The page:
Lampropeltis calligaster calligaster
It has a light brown or grey in color, with dark grey, dark brown, or reddish-brown blotching down the length of their bodies. They are capable of growing to lengths of 30-40 inches (76.2-101.6 cm). They are easily mistaken for various species of rat snake of the genus Pantherophis, which share habitat, and can have similar markings. Some specimens have their markings faded, to appear almost a solid brown color. Juveniles usually have a brown stripe down the back of their bodies. They have two black spots behind the head and smaller black spots down the back on both sides of the stripe.
Prairie kingsnakes' preferred habitat is open grassland with loose, dry soil, typically on the edge of a forested region, not far from a permanent source of water. Their diet consists primarily of rodents, but they will also consume lizards, frogs and occasionally other snakes. They are nonvenomous, and typically docile. Like most colubrids, if harassed they will shake their tail, which if in dry leaf litter can sound remarkably like a rattlesnake. They are not typically prone to biting, and if handled will often excrete a foul-smelling musk. When threatened, they flatten and appear to have white spots.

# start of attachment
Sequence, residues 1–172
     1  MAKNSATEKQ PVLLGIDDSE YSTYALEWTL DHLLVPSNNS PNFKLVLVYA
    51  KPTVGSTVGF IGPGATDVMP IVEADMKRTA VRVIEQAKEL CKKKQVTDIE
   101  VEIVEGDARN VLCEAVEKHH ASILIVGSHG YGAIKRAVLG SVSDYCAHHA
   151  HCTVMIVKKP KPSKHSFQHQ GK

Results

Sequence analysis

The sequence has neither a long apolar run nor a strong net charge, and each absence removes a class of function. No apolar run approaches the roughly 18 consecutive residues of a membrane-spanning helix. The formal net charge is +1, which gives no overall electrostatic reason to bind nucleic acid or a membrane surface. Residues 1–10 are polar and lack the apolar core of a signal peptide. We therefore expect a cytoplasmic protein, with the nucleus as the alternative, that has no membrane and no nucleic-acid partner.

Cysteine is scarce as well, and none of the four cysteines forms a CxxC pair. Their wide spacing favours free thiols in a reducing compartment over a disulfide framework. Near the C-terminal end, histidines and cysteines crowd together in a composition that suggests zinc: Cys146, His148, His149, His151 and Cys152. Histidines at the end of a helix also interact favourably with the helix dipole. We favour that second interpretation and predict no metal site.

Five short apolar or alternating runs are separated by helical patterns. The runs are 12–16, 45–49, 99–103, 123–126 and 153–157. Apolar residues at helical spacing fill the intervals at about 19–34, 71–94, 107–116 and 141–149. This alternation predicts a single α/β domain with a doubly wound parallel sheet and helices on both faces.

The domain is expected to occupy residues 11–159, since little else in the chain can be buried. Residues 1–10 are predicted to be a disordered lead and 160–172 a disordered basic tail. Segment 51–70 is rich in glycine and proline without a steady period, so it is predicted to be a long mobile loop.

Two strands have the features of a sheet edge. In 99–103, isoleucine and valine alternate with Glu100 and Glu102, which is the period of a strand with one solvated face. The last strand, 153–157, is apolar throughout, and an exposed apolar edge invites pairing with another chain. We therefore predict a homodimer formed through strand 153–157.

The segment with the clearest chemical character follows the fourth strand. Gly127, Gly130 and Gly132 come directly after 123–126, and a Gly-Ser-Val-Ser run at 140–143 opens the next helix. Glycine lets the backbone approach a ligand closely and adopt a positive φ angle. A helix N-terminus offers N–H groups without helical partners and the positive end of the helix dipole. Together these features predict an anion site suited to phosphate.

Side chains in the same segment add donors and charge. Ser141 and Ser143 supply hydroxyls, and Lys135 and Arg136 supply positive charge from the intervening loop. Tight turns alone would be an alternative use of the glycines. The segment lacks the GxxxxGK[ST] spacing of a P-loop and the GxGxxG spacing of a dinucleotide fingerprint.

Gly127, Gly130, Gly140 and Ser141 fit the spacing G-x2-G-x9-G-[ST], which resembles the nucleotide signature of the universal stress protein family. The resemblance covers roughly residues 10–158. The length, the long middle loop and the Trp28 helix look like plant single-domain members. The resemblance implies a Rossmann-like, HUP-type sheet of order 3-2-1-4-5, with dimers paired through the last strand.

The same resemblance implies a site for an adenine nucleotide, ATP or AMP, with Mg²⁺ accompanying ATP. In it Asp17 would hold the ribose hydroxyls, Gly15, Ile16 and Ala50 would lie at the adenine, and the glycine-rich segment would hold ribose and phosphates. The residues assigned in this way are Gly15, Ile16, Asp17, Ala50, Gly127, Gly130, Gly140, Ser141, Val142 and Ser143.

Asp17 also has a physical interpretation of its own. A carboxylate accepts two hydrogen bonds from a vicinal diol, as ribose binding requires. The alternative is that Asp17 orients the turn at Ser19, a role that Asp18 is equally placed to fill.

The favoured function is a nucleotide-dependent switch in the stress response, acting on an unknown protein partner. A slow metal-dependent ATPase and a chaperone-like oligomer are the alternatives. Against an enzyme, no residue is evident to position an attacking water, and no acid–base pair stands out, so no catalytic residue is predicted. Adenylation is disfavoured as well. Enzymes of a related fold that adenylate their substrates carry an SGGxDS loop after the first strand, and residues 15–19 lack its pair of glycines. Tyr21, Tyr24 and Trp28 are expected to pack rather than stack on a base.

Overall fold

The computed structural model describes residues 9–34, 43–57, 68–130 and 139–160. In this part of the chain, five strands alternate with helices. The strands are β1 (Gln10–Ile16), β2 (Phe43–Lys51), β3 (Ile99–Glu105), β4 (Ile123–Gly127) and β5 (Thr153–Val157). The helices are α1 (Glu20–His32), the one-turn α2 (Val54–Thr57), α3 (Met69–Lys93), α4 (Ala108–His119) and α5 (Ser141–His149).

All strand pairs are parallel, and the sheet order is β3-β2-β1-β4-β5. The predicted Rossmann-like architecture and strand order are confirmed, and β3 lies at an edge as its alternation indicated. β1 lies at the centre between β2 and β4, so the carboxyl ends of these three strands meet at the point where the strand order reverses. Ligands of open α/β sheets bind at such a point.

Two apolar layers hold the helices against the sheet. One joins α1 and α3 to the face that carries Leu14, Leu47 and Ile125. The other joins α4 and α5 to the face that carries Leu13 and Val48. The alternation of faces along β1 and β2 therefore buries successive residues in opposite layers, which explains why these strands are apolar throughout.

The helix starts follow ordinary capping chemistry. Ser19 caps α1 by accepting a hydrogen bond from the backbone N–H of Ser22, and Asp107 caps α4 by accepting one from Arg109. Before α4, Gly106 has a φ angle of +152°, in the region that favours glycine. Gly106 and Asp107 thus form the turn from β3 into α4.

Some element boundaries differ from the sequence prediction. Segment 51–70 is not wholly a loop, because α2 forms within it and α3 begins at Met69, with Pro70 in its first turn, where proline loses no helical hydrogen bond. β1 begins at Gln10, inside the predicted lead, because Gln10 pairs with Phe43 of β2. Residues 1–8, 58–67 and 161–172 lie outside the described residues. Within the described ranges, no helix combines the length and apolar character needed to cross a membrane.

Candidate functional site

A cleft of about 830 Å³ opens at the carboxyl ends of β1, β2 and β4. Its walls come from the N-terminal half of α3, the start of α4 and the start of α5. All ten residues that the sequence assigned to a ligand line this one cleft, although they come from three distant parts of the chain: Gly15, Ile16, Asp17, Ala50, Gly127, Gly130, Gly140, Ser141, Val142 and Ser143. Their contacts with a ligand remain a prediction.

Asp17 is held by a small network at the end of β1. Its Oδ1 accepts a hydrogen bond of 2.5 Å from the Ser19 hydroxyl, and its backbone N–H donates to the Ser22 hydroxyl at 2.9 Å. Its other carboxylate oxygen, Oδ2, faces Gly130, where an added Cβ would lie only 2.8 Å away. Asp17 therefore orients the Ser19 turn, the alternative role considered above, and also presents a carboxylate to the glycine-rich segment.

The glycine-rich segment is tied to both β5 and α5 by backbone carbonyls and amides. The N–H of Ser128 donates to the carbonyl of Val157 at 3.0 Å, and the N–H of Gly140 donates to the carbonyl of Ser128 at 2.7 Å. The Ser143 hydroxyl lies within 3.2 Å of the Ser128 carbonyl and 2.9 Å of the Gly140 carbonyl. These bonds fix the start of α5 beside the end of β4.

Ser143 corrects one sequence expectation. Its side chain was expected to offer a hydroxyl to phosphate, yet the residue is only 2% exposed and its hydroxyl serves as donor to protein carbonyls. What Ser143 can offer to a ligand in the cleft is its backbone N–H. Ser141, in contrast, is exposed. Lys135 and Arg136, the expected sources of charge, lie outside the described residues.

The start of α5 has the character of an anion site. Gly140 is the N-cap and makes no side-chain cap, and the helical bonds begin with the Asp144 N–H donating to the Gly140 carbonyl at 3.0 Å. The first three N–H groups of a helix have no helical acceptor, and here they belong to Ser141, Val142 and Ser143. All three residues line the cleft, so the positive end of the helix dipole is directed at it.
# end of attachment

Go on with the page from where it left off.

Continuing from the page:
- Florida Museum of Natural History: Lampropeltis calligaster rhombomaculata
- Illinois Natural History Survey: Prairie kingsnake
- Herps of North Carolina: Mole kingsnake
- Prairie kingsnake - Lampropeltis calligaster Species account from the Iowa Reptile and Amphibian Field Guide
|This Colubrids article is a stub. You can help Wikipedia by expanding it.|